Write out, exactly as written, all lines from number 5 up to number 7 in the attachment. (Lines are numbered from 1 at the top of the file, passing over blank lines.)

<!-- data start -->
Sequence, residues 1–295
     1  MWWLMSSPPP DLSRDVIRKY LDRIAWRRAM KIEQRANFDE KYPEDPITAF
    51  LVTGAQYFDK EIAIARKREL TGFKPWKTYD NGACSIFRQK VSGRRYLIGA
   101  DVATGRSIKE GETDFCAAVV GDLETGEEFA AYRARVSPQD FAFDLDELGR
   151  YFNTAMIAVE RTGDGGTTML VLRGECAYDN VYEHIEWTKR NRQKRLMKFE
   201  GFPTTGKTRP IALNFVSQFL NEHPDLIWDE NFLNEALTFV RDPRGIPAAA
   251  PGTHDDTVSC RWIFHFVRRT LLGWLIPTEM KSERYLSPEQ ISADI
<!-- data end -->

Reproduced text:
   151  YFNTAMIAVE RTGDGGTTML VLRGECAYDN VYEHIEWTKR NRQKRLMKFE
   201  GFPTTGKTRP IALNFVSQFL NEHPDLIWDE NFLNEALTFV RDPRGIPAAA
   251  PGTHDDTVSC RWIFHFVRRT LLGWLIPTEM KSERYLSPEQ ISADI